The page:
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Amy Hennig discusses Visceral's cancelled Star Wars game

Following the reveal of Respawn's Jedi: Fallen Order, Amy Hennig has shared her reaction to the announcement of the newest Star Wars game. Hennig's own game based on the license was cancelled, as EA closed Visceral Games in October 2017.

Speaking to Eurogamer, Hennig opens up about the Star Wars project she joined Visceral to create—codenamed 'Ragtag'— and how it was inspired by the original Star Wars films. "I had to take what I'd figured out [for Uncharted] in terms of deconstructing pulp adventure, and say alright, Star Wars is also in that category, but it has certain things that are distinct, or at least distinct from our core inspiration which was of course Indiana Jones."

While she doesn't deny that it would have felt a lot like the Uncharted games, the game would have seen switches between different protagonists and villains. 

"Star Wars, not only do we cut between villains but we also cut between multiple protagonists," Hennig explains, talking about the direction Ragtag would've taken, had it been completed. "So you still go OK, Luke is the hero of the story, but when you look at Han and Leia they're co-protagonists. And then you look at Rogue One, the animated show Rebels, those are ensemble stories. That's the Star Wars DNA, right?"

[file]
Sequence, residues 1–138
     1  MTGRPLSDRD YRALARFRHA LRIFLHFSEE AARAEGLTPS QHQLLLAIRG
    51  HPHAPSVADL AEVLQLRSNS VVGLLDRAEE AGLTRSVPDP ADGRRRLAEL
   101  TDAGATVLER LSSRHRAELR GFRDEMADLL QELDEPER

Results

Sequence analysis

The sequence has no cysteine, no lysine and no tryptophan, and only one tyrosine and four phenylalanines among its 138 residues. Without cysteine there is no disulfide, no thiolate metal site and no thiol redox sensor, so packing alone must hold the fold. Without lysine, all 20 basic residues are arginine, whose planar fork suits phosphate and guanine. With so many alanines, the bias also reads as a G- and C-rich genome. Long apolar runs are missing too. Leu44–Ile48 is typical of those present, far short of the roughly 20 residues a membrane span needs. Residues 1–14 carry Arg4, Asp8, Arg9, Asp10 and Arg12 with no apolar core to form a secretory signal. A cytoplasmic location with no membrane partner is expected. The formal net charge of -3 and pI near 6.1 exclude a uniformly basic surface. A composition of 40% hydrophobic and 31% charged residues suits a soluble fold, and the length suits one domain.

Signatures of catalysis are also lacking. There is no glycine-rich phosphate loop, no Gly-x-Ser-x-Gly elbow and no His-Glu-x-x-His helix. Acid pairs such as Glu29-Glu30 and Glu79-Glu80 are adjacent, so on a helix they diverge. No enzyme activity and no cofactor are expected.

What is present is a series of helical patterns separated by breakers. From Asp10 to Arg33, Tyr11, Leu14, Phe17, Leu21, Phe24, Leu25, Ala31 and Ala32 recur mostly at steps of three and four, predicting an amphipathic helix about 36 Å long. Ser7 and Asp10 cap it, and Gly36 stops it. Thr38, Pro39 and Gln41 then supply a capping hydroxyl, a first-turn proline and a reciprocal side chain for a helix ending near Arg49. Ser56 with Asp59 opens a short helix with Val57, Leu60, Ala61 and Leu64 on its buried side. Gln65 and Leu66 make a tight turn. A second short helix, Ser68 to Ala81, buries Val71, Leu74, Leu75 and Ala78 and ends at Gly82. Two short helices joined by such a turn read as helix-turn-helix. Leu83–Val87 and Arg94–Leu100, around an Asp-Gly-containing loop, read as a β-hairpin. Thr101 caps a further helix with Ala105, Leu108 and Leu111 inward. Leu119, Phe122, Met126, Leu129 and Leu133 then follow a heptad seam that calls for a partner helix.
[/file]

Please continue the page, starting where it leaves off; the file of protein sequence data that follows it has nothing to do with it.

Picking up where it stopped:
"But we were going to need playable characters in parallel sequences," Hennig adds, "because that's how Star Wars works. You only accomplish your goals by working together or working in parallel or both. We would always point to the Death Star escape as the prime example of that."

Hennig has also commented on the tweet put out by EA Star Wars, which seemed to backtrack on the factors that apparently led to Ragtag's demise. 

"[It's] odd!" said Hennig. "I have to be candid with you. I mean, it's coming from the EA Star Wars Twitter handle, so it's certainly part of the plan, but I don't know whether it's implicitly referencing previous comments they made after our project was killed?"

She goes on to say that "Respawn's game has the benefit of being largely developed before they were acquired," which isn't a position that Ragtag could claim before it was ultimately scrapped. She also speculates that the shift in attitude could be down to changing management at EA.

"Obviously it's disappointing not to be able to share the game we were developing because I think it was really cool and pretty compelling," says Hennig.